Health of the nation – Jerril Rechter

We explore the health of the nation from six leaders from six health organisations.

Established in 1987 as the world’s first health promotion foundation, VicHealth’s primary focus is on advocating good health and preventing chronic disease. Conducting vital research, developing public health campaigns and providing insight and expert advice to government, VicHealth identifies opportunities for improvement in the health of Victorians in ways that can benefit all.

Describe your role?

As CEO, I am responsible for overseeing the vast range of health promotion work VicHealth carries out to improve the health of all Victorians. I oversee a team of around 80 staff who are all very committed to promoting health and making a positive and lasting change. Much of my time involves representing the organisation at public events nationally and internationally to share the groundbreaking and pioneering work VicHealth does.

What do you believe are the biggest health challenges in Australia?

Without a doubt, the biggest challenge facing modern Australians is obesity. We don’t have a solution to this issue yet. Of course we have other challenges, such as around smoking rates, but we know what we need to do in those areas, we’re doing it and doing it well. Obesity is different. Even though we know the basic principles of how to prevent obesity, the rates continue to rise.

What do you believe are the biggest health opportunities in Australia?

With obesity in particular, we can capitalise on our love of watching sport and all things sport to turn it into opportunities for exercise for everyone. One way VicHealth is doing this is via our free TeamUp app, which gives strangers opportunities to get together and play social sport. Health promotion in general needs to take advantage of the way people receive their information – which is the digital space.

What is VicHealth doing to improve the health of Australia?

From VicHealth’s perspective, health isn’t just about not being sick. Health is the ultimate combination of physical, mental, and social wellbeing. VicHealth’s focus is on preventing illness before it even gets to that stage by making changes to the world we live in and raising awareness to make the healthy choice the easy choice.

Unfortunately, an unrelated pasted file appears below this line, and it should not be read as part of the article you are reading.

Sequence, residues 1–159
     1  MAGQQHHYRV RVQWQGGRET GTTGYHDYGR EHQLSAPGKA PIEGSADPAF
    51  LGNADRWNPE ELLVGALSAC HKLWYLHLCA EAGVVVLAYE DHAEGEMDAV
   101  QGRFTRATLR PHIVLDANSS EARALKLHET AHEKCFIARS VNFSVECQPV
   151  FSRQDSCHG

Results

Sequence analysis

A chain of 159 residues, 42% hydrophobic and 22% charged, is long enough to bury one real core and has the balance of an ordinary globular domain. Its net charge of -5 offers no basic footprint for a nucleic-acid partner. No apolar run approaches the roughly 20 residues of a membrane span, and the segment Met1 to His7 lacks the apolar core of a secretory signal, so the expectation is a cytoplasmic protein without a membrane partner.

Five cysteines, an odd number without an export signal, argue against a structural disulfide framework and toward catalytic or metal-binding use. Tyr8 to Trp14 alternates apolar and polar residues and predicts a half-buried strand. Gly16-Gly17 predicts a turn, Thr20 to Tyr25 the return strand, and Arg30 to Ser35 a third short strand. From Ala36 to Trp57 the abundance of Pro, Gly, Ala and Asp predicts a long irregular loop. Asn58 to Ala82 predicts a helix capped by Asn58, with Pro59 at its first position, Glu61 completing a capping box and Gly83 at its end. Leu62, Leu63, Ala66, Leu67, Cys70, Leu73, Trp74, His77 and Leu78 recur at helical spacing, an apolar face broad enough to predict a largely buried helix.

Based on your role, knowledge and experience, what advice do you have for Australians to improve their health?

Make good decisions about your physical and mental health at a young age and don’t wait until you’re ill to start improving your health. It really boils down to some very simple messages. If you smoke, quit. Try to reduce your drinking. Eat healthier and move more – how about instead of sitting, try standing whilst reading this? Get out there and make some more friends, meet new people, try something arty, give back to your community. All of these things are proven to improve health.

If you were Prime Minister for a day what would be the top three things you would do to improve the health of Australia?

We need to invest more funding in preventing illness. It really is the best value for the health dollar. I’d encourage more people to get moving more often. If we’re to beat the obesity epidemic, we need to get more people active. I’d also encourage positive changes to the way we view alcohol as a nation. Alcohol is a major cause of illness in Australia but unfortunately it is part and parcel with our culture. We need to work together to change some of those perceptions that you need to drink large quantities of alcohol in order to have a good time.

What was the most recent global conference/industry event you attended and strongest message you took away?

I went to an international health promotion and communication conference in Turkey recently and the clear message that emerged from that was how far ahead we are as a country in understanding the importance of prevention and the value of health promotion. It was a good reminder that we are currently ahead of the game but we need to keep innovating to stay ahead. As American social commentator Will Rogers said: “even if you’re on the right track, you’ll get run over if you just sit there.”

For more information visit vichealth.vic.gov.au

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